Monday, April 30, 2018

Year of Young People 2018: Dominique Zahra

Each month in 2018, to celebrate the Year of Young People in conjunction with the Scottish Government and Young Scot, Scottish Swimming is profiling an outstanding athlete from the world of aquatics. Last month it was diver Lucas Thomson (read his interview here), and before that it was para-swimmer and swim teacher Kayeligh Haggo, and you can watch her video here.

Edinburgh’s grey skies and the decidedly mild Scottish summers must feel a million miles away from the sun, sea and sand of of Naples, Florida, where Dominique Zahra grew up. Swapping the Gulf of Mexico for the Firth of Forth has been life changing for the 17-year-old Water Polo star, but he knows it’s been worth it.

Upon taking to the pool in Scotland, Zahra’s talent immediately shone, rising from an unknown foreign import to one of Scottish Water Polo’s brightest talents. By the age of 12 the hotshot was training with the senior men, and last year he represented Great Britain in the LEN European Junior Water Polo Championships Qualification Tournament. Most recently, he has just signed a contract with Otters Aquatics Club of Malta (he holds dual Maltese nationality) to compete in their Summer League.

“From the sunshine state to the sunshine of Malta via Scotland, that’s pretty good!” he jokes. “If you asked me four or five years ago if I ever thought I could make something out of this sport I would’ve said you’re mad. It’s pretty amazing that a career could come out of it, after all when I joined the first thing on my mind was making friends and getting the friends I had to join with me.”

Zahra will up sticks and move to Malsanforn on Gozo, the second largest island (after Malta itself) on the Maltese archipelago. He’ll compete in the Summer League for two and a half months, and said he can barely contain his excitement.

Earlier this month, Zahra was an integral part of the Caledonia Water Polo U19 Boys squad that made history at the Swim England National Age Group Championships (NAGS) in Manchester. Zahra took home the MVP Award and the Top Scorer prize as Caledonia became the first Scottish team in history to win the U19 NAGS title, and the first Scottish side to win any trophy at those Championships in eight years.

And as if that wasn’t enough, he followed up those achievements by captaining his Warrender WPC U18 team to victory in the Willie Mellor Cup.

Zahra said: “The main feeling was just of shock, the shock of winning, obviously because it’s the first time a Scottish team has won the British Cup [in the U19 Age Group]. To win the MVP Award and Top Scorer was the cherry on top.”

Contrast that shock of winning to the shock of touching down on Scottish soil as a nine-year old, alien not only to Scotland’s actual climate, but to its athletic climate too. Lifting a trophy, albeit in historic fashion, probably pales in comparison to assimilating oneself to a sporting landscape largely dominated by football and rugby. And while it’s widespread common knowledge that Scotland invented the modern game of golf, it comes as a surprise to many when they learn that Water Polo was also born in Scotland, in the waters of the River Dee.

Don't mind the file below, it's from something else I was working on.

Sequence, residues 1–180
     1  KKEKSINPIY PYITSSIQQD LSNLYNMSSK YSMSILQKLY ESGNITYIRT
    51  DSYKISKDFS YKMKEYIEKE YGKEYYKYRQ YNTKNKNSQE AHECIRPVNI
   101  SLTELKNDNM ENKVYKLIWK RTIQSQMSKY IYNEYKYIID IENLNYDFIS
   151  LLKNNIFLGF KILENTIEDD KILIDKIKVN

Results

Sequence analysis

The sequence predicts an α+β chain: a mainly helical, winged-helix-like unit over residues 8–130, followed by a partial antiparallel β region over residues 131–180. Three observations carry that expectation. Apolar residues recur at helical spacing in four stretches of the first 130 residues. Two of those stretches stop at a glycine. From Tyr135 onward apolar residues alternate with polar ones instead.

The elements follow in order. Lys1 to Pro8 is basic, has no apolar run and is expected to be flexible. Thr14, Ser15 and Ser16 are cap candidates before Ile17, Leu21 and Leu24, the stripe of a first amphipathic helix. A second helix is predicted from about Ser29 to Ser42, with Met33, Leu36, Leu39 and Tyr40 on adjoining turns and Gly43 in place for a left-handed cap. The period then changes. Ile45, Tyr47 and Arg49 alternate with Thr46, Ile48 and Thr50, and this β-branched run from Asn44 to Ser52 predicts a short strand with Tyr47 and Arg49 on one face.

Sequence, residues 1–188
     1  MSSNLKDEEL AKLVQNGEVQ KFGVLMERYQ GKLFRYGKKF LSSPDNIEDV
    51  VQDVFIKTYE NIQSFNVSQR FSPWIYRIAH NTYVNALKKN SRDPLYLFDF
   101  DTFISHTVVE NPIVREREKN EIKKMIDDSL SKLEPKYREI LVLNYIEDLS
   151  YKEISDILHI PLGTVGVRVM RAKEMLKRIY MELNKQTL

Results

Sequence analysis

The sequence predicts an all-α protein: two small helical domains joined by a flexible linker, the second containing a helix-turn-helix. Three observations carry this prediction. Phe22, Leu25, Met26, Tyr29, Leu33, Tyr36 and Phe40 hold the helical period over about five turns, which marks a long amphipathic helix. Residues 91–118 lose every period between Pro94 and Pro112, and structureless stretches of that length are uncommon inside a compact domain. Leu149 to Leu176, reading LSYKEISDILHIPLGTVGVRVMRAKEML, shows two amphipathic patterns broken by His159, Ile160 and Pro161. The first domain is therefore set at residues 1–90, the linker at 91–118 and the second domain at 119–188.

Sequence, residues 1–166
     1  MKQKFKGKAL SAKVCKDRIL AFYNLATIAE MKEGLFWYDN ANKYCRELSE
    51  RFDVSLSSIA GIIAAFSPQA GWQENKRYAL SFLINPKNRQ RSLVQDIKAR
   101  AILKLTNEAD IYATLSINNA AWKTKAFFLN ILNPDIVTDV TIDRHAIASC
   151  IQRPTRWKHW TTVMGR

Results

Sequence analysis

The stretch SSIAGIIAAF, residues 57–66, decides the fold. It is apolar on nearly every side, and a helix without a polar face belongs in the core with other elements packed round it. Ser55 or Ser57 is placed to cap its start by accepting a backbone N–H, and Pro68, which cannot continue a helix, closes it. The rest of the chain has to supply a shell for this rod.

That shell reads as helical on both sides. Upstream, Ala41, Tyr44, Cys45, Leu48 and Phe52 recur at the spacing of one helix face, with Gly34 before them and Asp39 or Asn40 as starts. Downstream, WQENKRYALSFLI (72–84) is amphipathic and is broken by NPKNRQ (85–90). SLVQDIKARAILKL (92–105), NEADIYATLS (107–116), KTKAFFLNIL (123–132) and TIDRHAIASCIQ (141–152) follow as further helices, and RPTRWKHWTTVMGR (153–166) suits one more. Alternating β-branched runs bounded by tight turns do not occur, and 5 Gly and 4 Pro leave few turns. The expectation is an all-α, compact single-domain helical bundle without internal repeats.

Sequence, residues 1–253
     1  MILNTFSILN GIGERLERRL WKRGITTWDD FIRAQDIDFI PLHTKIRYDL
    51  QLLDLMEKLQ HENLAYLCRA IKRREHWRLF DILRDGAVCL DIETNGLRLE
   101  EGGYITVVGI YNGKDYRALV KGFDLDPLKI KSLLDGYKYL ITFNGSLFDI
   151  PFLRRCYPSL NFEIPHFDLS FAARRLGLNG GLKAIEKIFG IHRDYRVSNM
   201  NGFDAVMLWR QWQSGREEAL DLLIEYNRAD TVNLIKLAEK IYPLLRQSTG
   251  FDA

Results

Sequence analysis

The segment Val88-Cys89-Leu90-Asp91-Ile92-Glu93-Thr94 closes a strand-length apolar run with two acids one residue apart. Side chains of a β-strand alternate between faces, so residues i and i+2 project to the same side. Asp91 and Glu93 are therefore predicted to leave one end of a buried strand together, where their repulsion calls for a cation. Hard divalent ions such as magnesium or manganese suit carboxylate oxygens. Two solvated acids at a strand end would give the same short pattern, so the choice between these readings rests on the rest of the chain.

The sport of Water Polo, just like swimming, is continuing to grow in Scotland however. Caledonia’s U19 Boys being crowned NAG Champions was coupled with their U17s winning the Plate competition, underlining the evidence of the sport’s development. Zahra has had first-hand experience of that, and is happy to see the sport going from strength to strength and confident that it can keep going.

“We’ve got the talent to compete now, without doubt,” he said. “We can compete with England and the other European countries if we keep growing the coaching and improving the training, just as we have since I started playing here.

“From coaching to strategic advice to motivation, all the coaches I know have been totally key to helping me and everyone else get better.”

Zahra’s coach at Warrender is Neal Rayner, and he has marvelled at his progress.

He said: “‘Domma’, the name he goes by in training, made an impact on the men’s game almost immediately and as a 12-year-old that’s pretty unheard of. He trains hard and has established himself as a very versatile player.”

That versatility was one of the reasons he picked up the MVP Award in Manchester, along with his eight goals the semis and the final. Caledonia beat the holders City of Sheffield in the semi-final to set up a final against Sedgefield, who knocked out the hosts, City of Manchester. It was against the odds that both teams made the final, and it’s when the odds are against him that Zahra feels he thrives. After all, you don’t come from a foreign country and take a sport by storm if you don’t perform well under pressure.

Zahra flashed back to the rollercoaster game that led to him and his team being crowned champions:

“We finished the first quarter 3-1 down so that was obviously a big shock. We picked up traction in the second and third quarters and then in the fourth I scored the goal to help us break away 7-6, with three minutes to go.

“And then Ben Scott got the final goal to make it 8-6 with a minute left and that was when I thought the deal was finally sealed.”

There are probably many lessons Zahra learned on that weekend alone. We asked him to put into words what he’s gained out of the sport of Water Polo in general, and why he’d encourage others to take it up.

“Arguably it’s the toughest sport in the world. You can learn more from Water Polo than any other sport. You’ll find the most inner strength. For example, when you’re putting every last breath into competing right until the end of that final quarter or when you’re disciplining yourself to be able to swim and play as fast as you can.

“The qualities you can learn about yourself from Water Polo can translate into any walk of life.”

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